Abuse of candidates becoming a part of the political scene will actively put off potential candidates and activists, and may encourage those who do choose to engage in politics to become more guarded. That will mean that it becomes more difficult to get legislators with a wide range of backgrounds and ideas to run for office, and it will weaken the quality of the pool of legislators for voters to choose from. A less diverse and weaker group of legislators again reduces the effectiveness of policy-making, especially when coupled with legislators fearing abuse being much less willing to criticise policies.
Activist suppression is another outcome of polarised politics, which inherently reduces the effectiveness of politics as an institution. There is an attitude in modern politics that being a member of and volunteering for a party means that you support every single thing that party has ever done, unless of course it is the party that the person making the accusation is a member of. Broad-church parties grew out of the knowledge that sometimes your party leadership (and by extension, policy) will reflect a different strand of ideology to your own within the organisation.
Discouraging opponents from joining political parties by implying that they have to support all existing policy to do so is an inherently bad idea. Not only does it mean that the party you disagree with will become more inflexible in its approach, adopting an increasingly narrow ideological band of policies, with fewer contributors to policy discourse blunting its effectiveness and thereby worsening the policies that a government led by that party would pursue, but it also severely weakens your opponents. A strong party needs strong opposing parties in order to remain strong – opposition and finding chinks in policy are a crucial part of policy-making; while electorally weak opponents encourage the party you support to become sloppy (as epitomised, if a case study were needed, by the 2017 Conservative General Election campaign). We need our opponents to be sufficiently well-funded to give the party we support the encouragement to be at its best, and we need them to have sufficient party members to have well-rounded policy discussions.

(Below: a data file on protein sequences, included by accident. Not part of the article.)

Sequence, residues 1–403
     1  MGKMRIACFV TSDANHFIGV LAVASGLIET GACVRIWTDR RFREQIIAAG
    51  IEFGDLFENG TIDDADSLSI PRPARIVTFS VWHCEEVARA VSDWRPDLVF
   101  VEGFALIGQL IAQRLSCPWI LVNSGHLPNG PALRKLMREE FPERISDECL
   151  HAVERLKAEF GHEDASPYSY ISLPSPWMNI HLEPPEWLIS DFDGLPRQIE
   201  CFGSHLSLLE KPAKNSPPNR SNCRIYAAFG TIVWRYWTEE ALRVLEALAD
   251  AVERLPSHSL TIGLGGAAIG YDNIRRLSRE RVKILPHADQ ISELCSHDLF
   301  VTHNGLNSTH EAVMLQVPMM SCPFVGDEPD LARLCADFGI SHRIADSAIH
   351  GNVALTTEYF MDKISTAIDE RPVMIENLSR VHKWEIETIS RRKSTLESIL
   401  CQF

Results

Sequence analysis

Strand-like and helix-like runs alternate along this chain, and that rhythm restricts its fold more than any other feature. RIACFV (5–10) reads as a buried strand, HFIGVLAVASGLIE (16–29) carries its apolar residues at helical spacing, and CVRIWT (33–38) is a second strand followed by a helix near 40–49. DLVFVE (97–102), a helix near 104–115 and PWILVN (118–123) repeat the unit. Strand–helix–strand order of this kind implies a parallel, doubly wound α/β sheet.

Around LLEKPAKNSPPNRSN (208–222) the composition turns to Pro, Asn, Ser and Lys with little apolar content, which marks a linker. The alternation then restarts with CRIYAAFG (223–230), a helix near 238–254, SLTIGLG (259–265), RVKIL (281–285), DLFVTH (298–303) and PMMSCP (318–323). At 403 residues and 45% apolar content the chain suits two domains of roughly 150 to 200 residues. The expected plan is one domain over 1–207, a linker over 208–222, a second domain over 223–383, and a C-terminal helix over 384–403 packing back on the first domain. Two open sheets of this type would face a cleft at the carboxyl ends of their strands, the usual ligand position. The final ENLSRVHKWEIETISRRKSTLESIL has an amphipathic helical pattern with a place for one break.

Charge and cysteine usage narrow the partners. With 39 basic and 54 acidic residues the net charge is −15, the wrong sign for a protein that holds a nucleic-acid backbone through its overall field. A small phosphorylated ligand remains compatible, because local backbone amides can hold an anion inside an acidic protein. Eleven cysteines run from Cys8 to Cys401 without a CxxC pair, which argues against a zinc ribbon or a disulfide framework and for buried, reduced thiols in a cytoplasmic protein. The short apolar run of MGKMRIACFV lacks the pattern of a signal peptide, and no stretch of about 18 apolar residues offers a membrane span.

From an objective point of view, the other reason that we should be actively encouraging our political opponents to join parties links back nicely to the reason you should have friends with opposing beliefs. In an echo chamber, we fail to understand why our opponents act in the way that they do, and in our failure to understand we assume the worst of their intentions. One part of political activism is to go out and talk to people about why they should support a certain party and to provide them with that understanding of why a party thinks the way it does. Good understanding of your opponents is crucial to solid political debate, and a large number of activists spreading that understanding improves both policy-making and tolerance of opposing views.
It is very easy to assume the worst of your political opponents. It is very easy to shun them and construct two-dimensional pictures of their views which fit with our own worldview. Politics isn’t easy, it isn’t two-dimensional, and our own view of society is but one piece of a much bigger jigsaw. In this time of antagonism, if you genuinely believe that members of another party don’t care about improving society, I would suggest going and talking to some of them – you’ll probably find that they care just as much as you, they just have come to different answers to the big political questions.